3. Allerderm Spot-On (Virbac Animal Health), a ceramide and fatty acid-containing liquid, has been shown to increase the concentration of lamellar lipids in the stratum corneum of atopic dogs.

Dermoscent Essential 6 spot-on (Laboratoire De Dermo-Cosmetique Animale, Castres, France; $15 to $20 for a four-pack) contains essential oils and fatty acids (Figure 4). The instructions for this product are to apply one pipette a week for eight weeks and then one pipette every two weeks for maintenance. In a small study, seven atopic dogs were treated with this product for eight weeks and had their canine atopic dermatitis extent and severity index (CADESI) scores measured before and after treatment.9 They had statistically significant improvement (P = 0.0043) in severity of disease, though there was not a control group.

4. Dermoscent Essential 6 spot-on (Laboratoire De Dermo-Cosmetique Animale, Castres, France) has been shown to decrease the severity of atopic dermatitis, pruritus, and transepidermal water loss in atopic dogs.

Sogeval Laboratories makes a line of products containing phytosphingosine, a precursor to ceramides (Figure 5). Douxo Seborrhea Shampoo (Sogeval Laboratories; $50 to $65 for a 25-pack) can be used one or two times a week along with the Douxo Seborrhea Micro-emulsion Spray (Sogeval Laboratories). Duoxo Seborrhea Spot-on (Sogeval Laboratories) can be used alone or in combination with the shampoo or spray and should be applied once weekly for four weeks and then twice monthly for maintenance.

5. (Left to right) Douxo Seborrhea Shampoo, Seborrhea Micro-emulsion Spray, and Seborrhea Spot-on (Sogeval Laboratories) are a line of phytosphingosine-containing products.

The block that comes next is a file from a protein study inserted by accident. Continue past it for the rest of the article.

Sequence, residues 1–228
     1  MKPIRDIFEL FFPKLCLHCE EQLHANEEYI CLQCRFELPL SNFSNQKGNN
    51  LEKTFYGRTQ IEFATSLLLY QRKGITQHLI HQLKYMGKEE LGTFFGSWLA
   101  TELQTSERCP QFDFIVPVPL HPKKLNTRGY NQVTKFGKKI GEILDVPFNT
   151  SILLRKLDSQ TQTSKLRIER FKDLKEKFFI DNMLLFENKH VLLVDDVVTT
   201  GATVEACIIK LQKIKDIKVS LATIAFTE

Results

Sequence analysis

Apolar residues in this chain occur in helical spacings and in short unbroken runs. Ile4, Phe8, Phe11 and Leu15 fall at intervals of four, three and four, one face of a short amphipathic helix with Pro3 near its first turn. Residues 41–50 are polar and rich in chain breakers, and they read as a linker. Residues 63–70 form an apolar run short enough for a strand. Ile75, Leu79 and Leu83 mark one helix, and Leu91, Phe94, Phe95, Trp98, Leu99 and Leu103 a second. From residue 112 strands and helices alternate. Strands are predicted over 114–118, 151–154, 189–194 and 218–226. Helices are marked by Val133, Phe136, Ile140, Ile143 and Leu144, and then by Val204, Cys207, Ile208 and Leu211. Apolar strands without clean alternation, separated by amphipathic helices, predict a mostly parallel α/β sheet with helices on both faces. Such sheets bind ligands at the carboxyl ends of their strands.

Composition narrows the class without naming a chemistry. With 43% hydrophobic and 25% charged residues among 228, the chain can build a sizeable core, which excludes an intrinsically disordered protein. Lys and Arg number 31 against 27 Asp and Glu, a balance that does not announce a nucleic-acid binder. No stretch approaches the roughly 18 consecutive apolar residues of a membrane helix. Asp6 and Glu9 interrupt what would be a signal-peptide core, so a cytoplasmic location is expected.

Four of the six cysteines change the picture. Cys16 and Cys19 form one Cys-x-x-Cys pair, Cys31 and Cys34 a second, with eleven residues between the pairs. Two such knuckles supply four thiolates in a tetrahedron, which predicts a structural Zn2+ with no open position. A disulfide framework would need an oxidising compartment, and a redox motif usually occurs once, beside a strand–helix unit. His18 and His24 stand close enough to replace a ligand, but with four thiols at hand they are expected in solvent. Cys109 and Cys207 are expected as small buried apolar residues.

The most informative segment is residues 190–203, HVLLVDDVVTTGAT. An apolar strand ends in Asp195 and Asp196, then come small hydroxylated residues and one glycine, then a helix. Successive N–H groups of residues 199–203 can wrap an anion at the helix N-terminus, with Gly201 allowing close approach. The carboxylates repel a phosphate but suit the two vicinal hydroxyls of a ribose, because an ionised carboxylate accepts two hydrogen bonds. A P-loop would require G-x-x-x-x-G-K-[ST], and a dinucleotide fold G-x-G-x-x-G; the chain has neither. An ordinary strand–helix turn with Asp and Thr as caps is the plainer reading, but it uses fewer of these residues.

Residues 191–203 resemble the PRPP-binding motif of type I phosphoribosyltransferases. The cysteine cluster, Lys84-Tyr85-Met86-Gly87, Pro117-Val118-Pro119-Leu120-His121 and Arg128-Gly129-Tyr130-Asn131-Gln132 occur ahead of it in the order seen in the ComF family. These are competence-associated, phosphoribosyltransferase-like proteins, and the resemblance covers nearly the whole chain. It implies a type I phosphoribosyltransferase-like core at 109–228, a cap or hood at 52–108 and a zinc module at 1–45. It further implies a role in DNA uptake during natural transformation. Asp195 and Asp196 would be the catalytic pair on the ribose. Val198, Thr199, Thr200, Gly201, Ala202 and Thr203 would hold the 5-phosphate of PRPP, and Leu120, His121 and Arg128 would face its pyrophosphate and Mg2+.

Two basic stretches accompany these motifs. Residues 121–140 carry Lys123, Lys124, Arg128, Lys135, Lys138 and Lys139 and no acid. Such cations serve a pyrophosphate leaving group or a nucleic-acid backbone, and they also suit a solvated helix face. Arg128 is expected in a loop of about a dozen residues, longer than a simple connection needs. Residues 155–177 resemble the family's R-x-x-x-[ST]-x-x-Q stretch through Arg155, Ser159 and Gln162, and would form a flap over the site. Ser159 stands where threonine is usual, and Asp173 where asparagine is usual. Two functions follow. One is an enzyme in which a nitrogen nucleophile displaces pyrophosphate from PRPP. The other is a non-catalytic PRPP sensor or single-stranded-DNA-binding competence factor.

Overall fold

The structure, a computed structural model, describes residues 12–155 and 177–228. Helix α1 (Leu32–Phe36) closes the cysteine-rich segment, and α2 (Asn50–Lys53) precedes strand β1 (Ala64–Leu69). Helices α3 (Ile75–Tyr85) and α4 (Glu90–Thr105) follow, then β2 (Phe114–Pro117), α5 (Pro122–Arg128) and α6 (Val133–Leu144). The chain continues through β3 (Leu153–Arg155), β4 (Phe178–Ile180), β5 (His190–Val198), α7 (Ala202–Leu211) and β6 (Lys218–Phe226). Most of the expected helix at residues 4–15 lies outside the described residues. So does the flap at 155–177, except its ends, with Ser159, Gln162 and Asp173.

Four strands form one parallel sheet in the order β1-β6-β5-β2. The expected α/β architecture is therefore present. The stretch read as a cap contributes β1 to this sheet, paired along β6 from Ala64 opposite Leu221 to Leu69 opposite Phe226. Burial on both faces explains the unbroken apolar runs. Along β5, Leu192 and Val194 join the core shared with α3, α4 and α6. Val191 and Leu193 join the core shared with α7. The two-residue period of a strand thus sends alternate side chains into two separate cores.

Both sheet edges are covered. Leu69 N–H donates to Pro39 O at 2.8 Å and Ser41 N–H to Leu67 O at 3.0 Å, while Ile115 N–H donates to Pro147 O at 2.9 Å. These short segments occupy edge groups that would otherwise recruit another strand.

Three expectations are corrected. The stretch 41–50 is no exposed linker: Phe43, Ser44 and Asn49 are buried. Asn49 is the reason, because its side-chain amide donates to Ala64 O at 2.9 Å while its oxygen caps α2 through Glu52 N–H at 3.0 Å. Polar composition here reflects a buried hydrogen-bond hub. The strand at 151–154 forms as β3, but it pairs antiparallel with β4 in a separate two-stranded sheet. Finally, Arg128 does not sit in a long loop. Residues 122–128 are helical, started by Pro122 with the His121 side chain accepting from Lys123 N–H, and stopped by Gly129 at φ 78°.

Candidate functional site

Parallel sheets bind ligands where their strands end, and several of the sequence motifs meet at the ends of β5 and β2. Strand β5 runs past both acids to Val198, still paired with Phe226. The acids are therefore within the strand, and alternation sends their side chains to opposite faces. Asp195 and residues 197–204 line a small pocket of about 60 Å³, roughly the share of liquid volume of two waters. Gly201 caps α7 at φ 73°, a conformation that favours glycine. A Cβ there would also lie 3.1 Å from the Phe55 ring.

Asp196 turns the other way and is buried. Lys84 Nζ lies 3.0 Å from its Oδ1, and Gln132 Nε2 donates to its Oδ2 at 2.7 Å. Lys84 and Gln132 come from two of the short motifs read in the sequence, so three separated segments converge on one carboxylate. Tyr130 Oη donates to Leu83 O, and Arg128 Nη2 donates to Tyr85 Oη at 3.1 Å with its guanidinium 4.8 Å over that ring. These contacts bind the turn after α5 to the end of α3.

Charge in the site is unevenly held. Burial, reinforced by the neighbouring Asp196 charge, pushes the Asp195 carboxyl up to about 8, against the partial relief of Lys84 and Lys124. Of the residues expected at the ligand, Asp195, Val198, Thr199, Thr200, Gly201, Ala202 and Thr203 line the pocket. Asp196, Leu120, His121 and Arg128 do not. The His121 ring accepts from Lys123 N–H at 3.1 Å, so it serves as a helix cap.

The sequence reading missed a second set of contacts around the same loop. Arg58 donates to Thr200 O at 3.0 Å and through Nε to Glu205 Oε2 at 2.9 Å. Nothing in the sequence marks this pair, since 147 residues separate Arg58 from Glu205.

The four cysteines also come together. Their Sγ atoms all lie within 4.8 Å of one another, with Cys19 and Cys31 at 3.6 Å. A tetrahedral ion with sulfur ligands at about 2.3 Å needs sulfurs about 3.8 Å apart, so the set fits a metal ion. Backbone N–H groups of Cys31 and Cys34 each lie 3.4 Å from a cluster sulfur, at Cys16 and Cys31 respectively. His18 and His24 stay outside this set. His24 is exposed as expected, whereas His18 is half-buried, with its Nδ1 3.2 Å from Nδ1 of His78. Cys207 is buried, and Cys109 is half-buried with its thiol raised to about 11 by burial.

More research is needed to determine the efficacy of these new barrier-repair topicals. For years, dermatologists have emphasized grooming, coat hygiene, and bathing as adjunct treatments. The barrier-repair products take that idea one step further. In our opinion, lipid-containing topicals can be added to almost any atopic dermatitis case without causing harm. They may be more beneficial when skin infections are under control, since twice weekly bathing could remove the product. It does not seem likely that they will completely replace conventional therapies, but they may be a useful addition to the atopic dermatitis treatment arsenal if they can improve the efficacy of allergen-specific immunotherapy and allow for lower doses of glucocorticoids and cyclosporine.

Jacqueline Gimmler, DVM

Jenise Daigle, DVM, DACVD

Central Texas Veterinary Specialty Hospital

301 Chisholm Trail

Round Rock, TX 78664


1. Marsella R, Samuelson D. Unraveling the skin barrier: a new paradigm for atopic dermatitis and house dust mites. Vet Dermatol 2009;20:533-540.

2. Lau-Gillard PJ, Hill PB, Chesney CJ, et al. Evaluation of a hand-held evaporimeter (VapoMeter) for the measurement of transepidermal water loss in healthy dogs. Vet Dermatol 2010;2:136-145.

3. Forslind B, Engstrom S, Engblom J, et al. A novel approach to the understanding of human skin barrier function. J Dermatol Sci 1997;14:115-125.

4. Hightower K, Marsella R, Flynn-Lurie A. Effects of age and allergen exposure on transepidermal water loss in a house dust mite-sensitized beagle model of atopic dermatitis. Vet Dermatol 2010;21:88-95.

5. Shimada K, Yoon JS, Yoshihara T, et al. Increased transepidermal water loss and decreased ceramide content in lesional and non-lesional skin of dogs with atopic dermatitis. Vet Dermatol 2009;20:541-546.

6. Reiter LV, Torres SM, Wertz PW. Characterization and quantification of ceramides in the nonlesional skin of canine patients with atopic dermatitis compared with controls. Vet Dermatol 2009;20:260-266.

7. Olivry T, DeBoer DJ, Favrot C, et al. Treatment of canine atopic dermatitis: 2010 clinical practice guidelines from the International Task Force on Canine Atopic Dermatitis. Vet Dermatol 2010;21:233-248.

8. Piekutowska A, Pin D, Reme CA, et al. Effects of a topically applied preparation of epidermal lipids on the stratum corneum barrier of atopic dogs. J Comp Pathol 2008;138;197-203.

9. Tretter S, Mueller RS. The influence of topical unsaturated fatty acids and essential oils on normal and atopic dogs-a pilot study. NAVDF 2010 Abstracts. Vet Dermatol 2010;21:311-328.